Turns out my name is really hard to pronounce in Swedish. It just doesn't work. The Swedes have the same problem as Americans and almost always think it's Michelle at first. Even with my actual name confirmed (once, twice, thrice sometimes: "Rachel. RA-shell. RiCH-elle? RIchhhelle? RichELLE. RichELLE), for some reason they always ask me if it's French. I've taken to saying yes. Due to this ongoing pronunciation challenge, some of my friends at school have started calling me Kjell (pronounced "shell"). That's actually a name here in Sweden. Granted, it's a man's name, but... I'm already the bizarre American. Why not add in some gender confusion fun?
I suppose the fact that people seem to care about saying my name correctly (and/or christening me with endearing Swedish alternatives) means I'm making friends, little by little. There are so many lovely girls here in particular. Lova is a vegan and so beautiful (I'm not sure if she knows it). Her name in Swedish means "to promise." Agnes is as sweet and patient as can be. Katarina speaks marvelous English in a really charming South African accent. She has encouraged me again and again to join the Expo class because she's convinced I'm smart enough. Beatrice makes me laugh the most. I only see Linda in the matsal (cafeteria) here and there, but she has been a huge supporter of my blog and my ability to actually learn Swedish. Jennie just told me yesterday not to feel stupid if I don't understand things; just ask. She likes to bake and work out. I could afford to be better at both.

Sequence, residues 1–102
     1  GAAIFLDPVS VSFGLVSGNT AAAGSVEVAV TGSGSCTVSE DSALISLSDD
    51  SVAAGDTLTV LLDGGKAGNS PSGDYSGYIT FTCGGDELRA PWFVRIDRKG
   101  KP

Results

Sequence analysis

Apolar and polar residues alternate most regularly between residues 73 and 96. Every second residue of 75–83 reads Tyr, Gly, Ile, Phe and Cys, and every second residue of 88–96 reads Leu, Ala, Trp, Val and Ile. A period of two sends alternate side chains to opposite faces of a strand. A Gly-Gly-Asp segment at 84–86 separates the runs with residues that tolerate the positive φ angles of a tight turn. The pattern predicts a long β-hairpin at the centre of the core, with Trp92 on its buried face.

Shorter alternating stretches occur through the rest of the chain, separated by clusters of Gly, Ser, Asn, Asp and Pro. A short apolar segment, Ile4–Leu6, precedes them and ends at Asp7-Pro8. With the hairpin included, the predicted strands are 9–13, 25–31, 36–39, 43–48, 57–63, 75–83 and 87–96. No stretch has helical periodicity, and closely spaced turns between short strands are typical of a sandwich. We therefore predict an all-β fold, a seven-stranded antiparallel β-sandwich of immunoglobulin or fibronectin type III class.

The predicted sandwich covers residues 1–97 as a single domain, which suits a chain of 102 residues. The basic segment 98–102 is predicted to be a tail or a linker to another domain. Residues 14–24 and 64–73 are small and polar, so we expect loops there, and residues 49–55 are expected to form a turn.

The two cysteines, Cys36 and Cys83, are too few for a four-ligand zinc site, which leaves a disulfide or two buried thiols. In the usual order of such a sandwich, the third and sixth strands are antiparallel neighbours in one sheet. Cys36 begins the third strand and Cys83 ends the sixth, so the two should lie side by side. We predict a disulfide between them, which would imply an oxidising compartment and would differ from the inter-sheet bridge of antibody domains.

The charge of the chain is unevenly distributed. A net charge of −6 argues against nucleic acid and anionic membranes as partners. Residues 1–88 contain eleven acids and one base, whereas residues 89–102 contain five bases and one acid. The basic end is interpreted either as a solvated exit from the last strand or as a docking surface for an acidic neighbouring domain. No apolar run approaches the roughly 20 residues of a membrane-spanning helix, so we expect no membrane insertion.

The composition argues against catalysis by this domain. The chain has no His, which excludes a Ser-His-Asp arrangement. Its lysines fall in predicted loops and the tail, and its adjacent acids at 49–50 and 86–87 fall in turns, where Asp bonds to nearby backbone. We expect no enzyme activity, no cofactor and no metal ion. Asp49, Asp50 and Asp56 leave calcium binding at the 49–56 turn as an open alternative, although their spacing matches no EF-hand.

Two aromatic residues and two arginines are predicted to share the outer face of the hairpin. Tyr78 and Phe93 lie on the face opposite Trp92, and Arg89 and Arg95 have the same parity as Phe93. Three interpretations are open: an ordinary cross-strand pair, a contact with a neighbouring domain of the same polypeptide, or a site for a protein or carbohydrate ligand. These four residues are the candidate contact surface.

Come to think of it, I could probably use some improvement in the asking-for-help part, too. It's really hard to admit that I don't understand what's going on around me. Since when has that ever been a problem in my life? And not to mention, since when am I the shy and silent type? My family and friends probably wouldn't even recognize me here. I can go an entire meal without saying a single word. It's hard to be assertive (or even present) in conversations when you are always reaching for a word you may never find. And that's only if I even understand enough of what other people are saying to contribute in the first place. I realize this is my own issue and no fault of the kind and generous people around me, but it's really hard going into every single day knowing that it will be riddled with mistakes and misunderstandings.
Being forced into my own sort of quietude has produced its own little miracles, though. One afternoon last week during lunch, one of my friends smiled at me from across the table (subtly, of course, as is his way) and it was like we had a whole conversation. I felt so much happier about that than I would have if I had my normal arsenal of words at my disposal. Body language is a language worth learning, too. It is a precious, precious thing.
There is a boy here who is always on the edge of a smile. He tends to quietly observe what is going on around him with an energy that seems eager to burst forth. It's always teetering. On the brink. That sweet, happy energy. When he does smile, it's magic. I've noticed this about a number of Swedes, actually. Many are reticent to laugh too loudly. In our entire class roster of about fifteen, I am the only student who is showing my teeth in my school picture.
The Swedes. Their smiles are generally modest, but it's heaven when, at long last, the radiance can't help but break through.